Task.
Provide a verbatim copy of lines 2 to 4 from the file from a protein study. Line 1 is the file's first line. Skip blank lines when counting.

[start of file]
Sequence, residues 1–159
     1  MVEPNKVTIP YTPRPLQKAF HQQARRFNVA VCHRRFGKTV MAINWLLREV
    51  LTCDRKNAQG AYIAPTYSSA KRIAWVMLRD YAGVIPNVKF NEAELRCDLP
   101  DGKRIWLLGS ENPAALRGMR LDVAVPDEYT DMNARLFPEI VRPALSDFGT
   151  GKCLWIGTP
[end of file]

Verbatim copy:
     1  MVEPNKVTIP YTPRPLQKAF HQQARRFNVA VCHRRFGKTV MAINWLLREV
    51  LTCDRKNAQG AYIAPTYSSA KRIAWVMLRD YAGVIPNVKF NEAELRCDLP
   101  DGKRIWLLGS ENPAALRGMR LDVAVPDEYT DMNARLFPEI VRPALSDFGT